Male Reproductive System

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mse263
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245735
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Male Reproductive System
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2016-11-09 12:53:58
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MedFoundationsI Histology Exam4
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MedFoundationsI,Histology
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Histology Exam 4
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  1. Testes
    • are paired, located in the scrotum, & have both exocrine (sperm) + endocrine (sex hormones) functions
    • develop in the fetus under the control of testicular determining factor (TDF), a transcription factor from the sex-determining region of the Y chromosome (SRY)
    • testis develop in the posterior abdominal wall; are sent into scrotum & drag with it a bubble like structure called the tunica vaginalis, an extensions of the peritoneum
  2. Layer of the Testis
    • tunica vaginalis: outermost double-layered (extensions of the peritoneum)
    • tunica albuginea: inside the vaginalis, a dense fibrous CT capsule that thickens along the posterior surface to form the mediastinum testis
    • tunica vasculosa: underneath the albuginea, a loose CT layer containing blood vessels and lymphatics that invaginates into septa, dividing testes into compartments (lobules)
    • inside each lobule are 1-4 seminiferous tubules + interstitial tissue between the tubules

    • section of a testicle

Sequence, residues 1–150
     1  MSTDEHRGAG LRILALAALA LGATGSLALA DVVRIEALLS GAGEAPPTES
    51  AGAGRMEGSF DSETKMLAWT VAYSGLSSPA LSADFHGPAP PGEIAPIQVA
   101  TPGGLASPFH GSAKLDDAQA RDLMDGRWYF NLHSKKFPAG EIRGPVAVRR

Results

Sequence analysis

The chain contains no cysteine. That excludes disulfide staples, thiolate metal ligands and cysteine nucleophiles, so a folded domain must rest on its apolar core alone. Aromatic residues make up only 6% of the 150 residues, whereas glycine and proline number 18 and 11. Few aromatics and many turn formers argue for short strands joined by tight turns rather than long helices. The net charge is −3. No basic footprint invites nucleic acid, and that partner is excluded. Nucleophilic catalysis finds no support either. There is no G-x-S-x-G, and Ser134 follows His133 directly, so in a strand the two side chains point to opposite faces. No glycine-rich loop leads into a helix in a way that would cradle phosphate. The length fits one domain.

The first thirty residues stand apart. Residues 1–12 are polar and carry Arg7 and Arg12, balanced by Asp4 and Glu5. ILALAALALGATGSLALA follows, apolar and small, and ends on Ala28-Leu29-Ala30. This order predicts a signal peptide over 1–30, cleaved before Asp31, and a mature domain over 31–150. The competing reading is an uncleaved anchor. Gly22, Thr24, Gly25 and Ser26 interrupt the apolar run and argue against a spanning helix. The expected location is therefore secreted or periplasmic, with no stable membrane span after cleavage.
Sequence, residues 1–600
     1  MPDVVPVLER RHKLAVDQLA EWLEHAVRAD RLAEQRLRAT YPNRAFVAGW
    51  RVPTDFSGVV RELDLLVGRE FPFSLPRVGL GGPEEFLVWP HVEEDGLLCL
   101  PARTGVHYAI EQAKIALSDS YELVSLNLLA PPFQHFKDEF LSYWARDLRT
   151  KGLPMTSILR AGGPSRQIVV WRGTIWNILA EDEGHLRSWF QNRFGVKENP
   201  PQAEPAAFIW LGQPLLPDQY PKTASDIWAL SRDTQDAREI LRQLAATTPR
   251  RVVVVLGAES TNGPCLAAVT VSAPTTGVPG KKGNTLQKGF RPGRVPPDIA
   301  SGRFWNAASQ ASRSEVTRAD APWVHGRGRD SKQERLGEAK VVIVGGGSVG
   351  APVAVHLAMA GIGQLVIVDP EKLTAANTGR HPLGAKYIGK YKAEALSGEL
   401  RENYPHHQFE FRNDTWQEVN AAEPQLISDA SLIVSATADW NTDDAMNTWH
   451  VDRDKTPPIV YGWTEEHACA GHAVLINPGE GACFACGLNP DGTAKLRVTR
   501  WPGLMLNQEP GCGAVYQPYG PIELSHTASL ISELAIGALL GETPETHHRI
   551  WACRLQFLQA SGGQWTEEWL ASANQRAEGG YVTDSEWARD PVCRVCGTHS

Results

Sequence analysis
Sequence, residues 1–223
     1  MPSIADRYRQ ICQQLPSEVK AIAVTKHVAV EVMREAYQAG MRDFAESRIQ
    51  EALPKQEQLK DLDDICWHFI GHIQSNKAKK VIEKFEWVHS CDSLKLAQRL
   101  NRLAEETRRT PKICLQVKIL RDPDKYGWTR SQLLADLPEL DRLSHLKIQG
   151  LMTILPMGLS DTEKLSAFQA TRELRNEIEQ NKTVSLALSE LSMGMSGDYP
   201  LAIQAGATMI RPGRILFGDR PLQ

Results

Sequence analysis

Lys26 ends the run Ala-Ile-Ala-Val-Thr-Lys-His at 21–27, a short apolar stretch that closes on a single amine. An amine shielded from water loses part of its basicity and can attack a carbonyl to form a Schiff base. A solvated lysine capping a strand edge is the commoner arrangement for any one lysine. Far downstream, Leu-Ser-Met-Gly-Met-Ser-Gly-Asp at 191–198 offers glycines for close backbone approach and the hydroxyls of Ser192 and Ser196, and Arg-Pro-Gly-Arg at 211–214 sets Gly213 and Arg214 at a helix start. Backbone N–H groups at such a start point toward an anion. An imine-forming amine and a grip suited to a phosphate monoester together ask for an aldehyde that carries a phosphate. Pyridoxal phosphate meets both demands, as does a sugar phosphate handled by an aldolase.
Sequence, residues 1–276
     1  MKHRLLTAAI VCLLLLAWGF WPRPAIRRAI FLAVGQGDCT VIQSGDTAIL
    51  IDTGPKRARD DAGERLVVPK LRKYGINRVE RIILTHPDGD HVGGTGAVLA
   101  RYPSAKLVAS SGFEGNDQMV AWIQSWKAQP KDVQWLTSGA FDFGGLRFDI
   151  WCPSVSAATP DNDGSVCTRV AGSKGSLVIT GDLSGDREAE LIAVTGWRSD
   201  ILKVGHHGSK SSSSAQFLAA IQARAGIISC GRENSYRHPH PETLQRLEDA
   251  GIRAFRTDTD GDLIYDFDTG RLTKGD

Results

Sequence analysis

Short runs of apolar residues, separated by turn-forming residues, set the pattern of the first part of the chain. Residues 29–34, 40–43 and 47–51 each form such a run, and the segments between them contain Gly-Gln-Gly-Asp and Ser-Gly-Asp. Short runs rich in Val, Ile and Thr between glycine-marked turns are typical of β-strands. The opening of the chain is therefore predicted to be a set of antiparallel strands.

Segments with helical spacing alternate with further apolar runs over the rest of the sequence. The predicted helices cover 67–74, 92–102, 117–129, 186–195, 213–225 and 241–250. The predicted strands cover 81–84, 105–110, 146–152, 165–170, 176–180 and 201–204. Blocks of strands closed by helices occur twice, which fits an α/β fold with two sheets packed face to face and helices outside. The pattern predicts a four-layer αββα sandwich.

• tunica vasculosa septa divide internal area into lobules
    • in lobules are highly coiled seminiferous tubules
    • cross-section of seminiferous tubule
    • interstitial tissue surrounding seminiferous tubule is where blood vessel, lyphatics, & *Leydig Cells, which make testosterone, are located
    • sperm are made in the seminiferous tubules
  3. Leydig (Interstitial) Cells
    • secret testosterone, DHEA (dehydroepiandrosterone), & 5-alpha-androstenedione, a process controlled by LH & interstitial cell stimulating hormone (ICSH)
    • contain extensive SER, lipid droplets, lots of mitochondria, & a well-developed Golgi apparatus
    • found in space between seminiferous tubules, along w/ CT, nerves, blood, & lymphatic vessels
    • are derived from embryonic genital ridge mesoderm
    • can see proteinaceous crystals of Reinke in the cytoplasm
  4. Sertoli Cells (Supporting)
    • large cells that sit on basal lamina & their cytoplasm reaches all the way to the seminiferous tube lumen
    • they physically support the developing sperm, provide them with nutrients, & move them toward the lumen
    • controlled by FSH from the pituitary
    • they protect sperm by forming the blood-testis barrier which protects the spermatogenic cells from autoimmune attack